* Serve with appropriate food (ask Drake for recipes)
Note: Choose guests (victims) carefully. Try those who aren't
squeemish about their food and drink...
Note, most of this info on cultures has come from about a hours
websurfing at midnight, so dont take it as gospel...
Does the brain hurt yet? Mine does... Ok. Now onto easier stuff?
There are variants made from donkey, cow (Kefir), and camel (shubat)
milk. A distilled version called arkhi was known but not before the
13-14th century at the very earliest.
The best descriptions of Kumiss in period we have are of the journals
to China by Friar William of Rubruck (before Marco Polo too). His
complete journal is available on the web (URL available on request).
A section that refers to Kumiss is:
"they stretch above the ground a long rope between two stakes stuck
in the soil; and ... tether to the rope the foals of the mares they
intend to milk. Then the mares stand beside their foals and let
themselves be milked peacefully. In the event of any of them proving
intractable, one man takes the foal and puts it underneath her to let
it suck a little, and then withdraws it while the milker takes its
place. So having collected a great quantity of milk, which when fresh
is as sweet as cow's milk, they pour it into a large skin or bag
[bucellum], and set about churning it with a club which is made for
this purpose, as thick at the lower end as a man's head and hollowed
out. As they stir it rapidly, it begins to bubble like new wine and
to turn sour or ferment, and they keep churning it until they extract
Selections from the Tarikh-i-Rashidi by Mirza Muhammad Haidar, Dughlat
V. [On the medicinal powers of kumys (fermented mare's milk).]
At this time a certain Ahmad Mirza, one of the Timuri Mirzas of the
line of Mirza Shah Rukh, having fled [from his own country] had come
[to Moghuhstan]. He had [with him] a sister, for whom Amir Sayyid Ali
conceived a great affection; so much so that Amir Khudaidad and
others begged her to become Amir Sayyid Ali's wife. She, however,
refused, saying: "I cannot stay in Moghulistan, but if he will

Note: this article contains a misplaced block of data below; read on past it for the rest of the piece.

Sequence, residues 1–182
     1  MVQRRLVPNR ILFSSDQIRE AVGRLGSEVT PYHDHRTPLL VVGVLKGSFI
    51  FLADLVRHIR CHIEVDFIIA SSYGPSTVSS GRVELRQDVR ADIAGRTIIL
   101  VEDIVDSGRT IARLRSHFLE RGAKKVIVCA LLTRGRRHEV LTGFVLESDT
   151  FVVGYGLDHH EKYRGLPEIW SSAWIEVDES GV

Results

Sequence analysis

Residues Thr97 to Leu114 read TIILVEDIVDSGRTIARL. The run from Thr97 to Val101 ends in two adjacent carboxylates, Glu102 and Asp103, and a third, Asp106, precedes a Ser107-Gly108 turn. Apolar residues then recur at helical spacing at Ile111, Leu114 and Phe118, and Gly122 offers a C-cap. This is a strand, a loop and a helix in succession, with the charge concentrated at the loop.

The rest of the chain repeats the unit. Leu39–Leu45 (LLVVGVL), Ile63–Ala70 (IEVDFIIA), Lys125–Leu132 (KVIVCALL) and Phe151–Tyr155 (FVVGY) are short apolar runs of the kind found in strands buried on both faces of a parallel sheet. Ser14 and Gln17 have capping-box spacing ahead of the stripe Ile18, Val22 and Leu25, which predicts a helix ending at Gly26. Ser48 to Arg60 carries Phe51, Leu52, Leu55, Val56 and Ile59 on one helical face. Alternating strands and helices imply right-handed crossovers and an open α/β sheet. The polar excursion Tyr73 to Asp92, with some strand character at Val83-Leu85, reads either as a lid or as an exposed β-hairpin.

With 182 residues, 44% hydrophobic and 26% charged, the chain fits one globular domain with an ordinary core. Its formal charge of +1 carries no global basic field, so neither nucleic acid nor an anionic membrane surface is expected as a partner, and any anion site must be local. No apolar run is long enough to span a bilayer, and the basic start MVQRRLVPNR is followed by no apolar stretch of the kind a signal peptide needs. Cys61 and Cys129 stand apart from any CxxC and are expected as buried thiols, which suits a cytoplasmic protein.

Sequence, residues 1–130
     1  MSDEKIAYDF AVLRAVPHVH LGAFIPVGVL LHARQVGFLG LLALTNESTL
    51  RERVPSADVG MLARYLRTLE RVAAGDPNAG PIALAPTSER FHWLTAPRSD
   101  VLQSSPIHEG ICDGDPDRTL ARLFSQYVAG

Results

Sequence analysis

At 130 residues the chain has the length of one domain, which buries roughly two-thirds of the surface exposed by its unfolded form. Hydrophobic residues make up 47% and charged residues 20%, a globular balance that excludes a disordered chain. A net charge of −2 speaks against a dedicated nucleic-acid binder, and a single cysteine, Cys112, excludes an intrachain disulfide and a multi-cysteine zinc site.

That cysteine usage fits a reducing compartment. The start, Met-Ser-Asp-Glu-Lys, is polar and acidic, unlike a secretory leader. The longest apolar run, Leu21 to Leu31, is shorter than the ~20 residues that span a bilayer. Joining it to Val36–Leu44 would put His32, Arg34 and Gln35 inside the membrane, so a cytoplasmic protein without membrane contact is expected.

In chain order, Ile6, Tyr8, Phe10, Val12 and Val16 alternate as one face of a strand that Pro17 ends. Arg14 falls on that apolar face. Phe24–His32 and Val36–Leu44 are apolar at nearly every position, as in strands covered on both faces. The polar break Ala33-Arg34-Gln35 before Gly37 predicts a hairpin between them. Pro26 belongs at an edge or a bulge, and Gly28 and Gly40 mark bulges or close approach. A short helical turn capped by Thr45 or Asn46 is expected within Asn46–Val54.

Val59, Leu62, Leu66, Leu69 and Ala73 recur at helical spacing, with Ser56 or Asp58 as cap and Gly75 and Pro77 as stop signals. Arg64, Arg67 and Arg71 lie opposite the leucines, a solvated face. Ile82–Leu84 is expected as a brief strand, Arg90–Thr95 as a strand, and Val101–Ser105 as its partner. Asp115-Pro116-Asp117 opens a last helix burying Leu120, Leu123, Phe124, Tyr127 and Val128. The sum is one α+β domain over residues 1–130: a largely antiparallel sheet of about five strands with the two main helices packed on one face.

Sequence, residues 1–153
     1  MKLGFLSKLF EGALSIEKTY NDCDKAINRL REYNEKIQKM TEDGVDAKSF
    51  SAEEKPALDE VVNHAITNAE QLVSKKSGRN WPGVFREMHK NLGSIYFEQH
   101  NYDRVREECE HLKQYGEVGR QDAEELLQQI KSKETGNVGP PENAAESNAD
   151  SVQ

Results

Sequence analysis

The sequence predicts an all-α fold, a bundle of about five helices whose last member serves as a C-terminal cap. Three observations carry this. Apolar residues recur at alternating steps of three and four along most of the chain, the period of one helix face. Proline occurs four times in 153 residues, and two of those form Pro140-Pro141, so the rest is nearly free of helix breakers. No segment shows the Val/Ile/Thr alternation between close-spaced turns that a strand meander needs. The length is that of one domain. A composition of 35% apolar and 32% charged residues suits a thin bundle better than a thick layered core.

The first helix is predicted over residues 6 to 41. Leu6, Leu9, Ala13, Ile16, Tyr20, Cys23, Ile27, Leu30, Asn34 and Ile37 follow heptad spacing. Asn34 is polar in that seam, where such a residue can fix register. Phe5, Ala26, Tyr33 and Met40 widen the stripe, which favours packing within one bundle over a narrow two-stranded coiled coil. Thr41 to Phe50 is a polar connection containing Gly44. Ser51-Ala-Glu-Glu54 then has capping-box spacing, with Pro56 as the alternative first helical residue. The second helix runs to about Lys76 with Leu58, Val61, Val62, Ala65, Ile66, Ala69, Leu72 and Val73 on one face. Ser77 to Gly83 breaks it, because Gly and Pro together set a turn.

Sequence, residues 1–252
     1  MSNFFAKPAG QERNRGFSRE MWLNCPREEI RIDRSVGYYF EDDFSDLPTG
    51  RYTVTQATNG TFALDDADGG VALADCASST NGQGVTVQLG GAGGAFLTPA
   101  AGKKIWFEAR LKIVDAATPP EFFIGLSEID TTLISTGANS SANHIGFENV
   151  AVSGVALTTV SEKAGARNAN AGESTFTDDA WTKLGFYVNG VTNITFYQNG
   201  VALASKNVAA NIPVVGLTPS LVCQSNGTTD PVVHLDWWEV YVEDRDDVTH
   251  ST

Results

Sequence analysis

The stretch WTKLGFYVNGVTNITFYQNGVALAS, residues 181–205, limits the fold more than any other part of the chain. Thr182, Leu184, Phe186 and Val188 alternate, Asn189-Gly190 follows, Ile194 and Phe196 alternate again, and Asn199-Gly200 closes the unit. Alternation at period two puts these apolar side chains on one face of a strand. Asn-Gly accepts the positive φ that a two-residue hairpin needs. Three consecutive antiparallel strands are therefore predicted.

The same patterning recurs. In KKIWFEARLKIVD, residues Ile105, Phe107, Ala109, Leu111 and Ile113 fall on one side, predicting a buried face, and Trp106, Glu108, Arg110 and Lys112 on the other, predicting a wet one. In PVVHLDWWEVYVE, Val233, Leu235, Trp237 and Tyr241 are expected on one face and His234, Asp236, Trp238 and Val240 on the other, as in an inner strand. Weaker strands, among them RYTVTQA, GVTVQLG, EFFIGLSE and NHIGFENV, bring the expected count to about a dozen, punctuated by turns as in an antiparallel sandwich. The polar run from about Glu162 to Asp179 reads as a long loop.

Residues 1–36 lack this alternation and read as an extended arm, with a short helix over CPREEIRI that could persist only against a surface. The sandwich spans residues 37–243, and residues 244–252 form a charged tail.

accompany me to my own country, it can be arranged." She then
immediately set out for her own country, accompanied by Amir Sayyid
Ali. When she arrived at Andijan) Mirza Ulugh Beg dispatched a man to
kill Ahmad Mirza, and himself married his sister, at the same time
throwing Amir Sayyid Ali into prison at Samarkand, where he remained
one year. Here he fell sick of dysentery, and when on the point of
dying, Amir Ulugh Beg sent for the doctors, whose remedies, however,
were all without effect. One day somebody brought some kumiz. The
Mirza implored the doctors, saying: "As the medicines have done me no
good, I should much like to try a little kumiz, for which I have a
great craving." They at last agreed [to grant his request] as a
desperate experiment, saying: "It will very likely give him
strength." They then gave him as much kumiz as he wanted, and from
that moment he began to show signs of recovery. On the following day
they gave him some more, and he became perfectly well.
[Sayyid Ali eventually made his way back home, where he became
involved in the ultimately successful rebellion by which Vais Khan,
with Timurid support, seized the throne.] [Ü ]
There is evidence (I have to look more for the references) for a
great silver drinking fountain in Ogedei Khan's (Genghis' 3rd son who
succeeded him) palace at Karakorum:
In the southern section of the main hall was a silver tree-fountain,
crowned with a silver figure of a man blowing a trumpet. At festival
times, a beautiful sound would be heard as four kinds of delicious
drink poured from four dragons' heads facing in four directions from
the trunk of the tree, and flowed down into silver vessels placed
there to receive them.
It dispensed at various times: Rice or Millet Beer, Boal (a kind of
mead), Kumiss, Qaracosmos (another kind of kumiss), terracina (rice
wine) and wine. What's interesting is that Ogedei Khan died from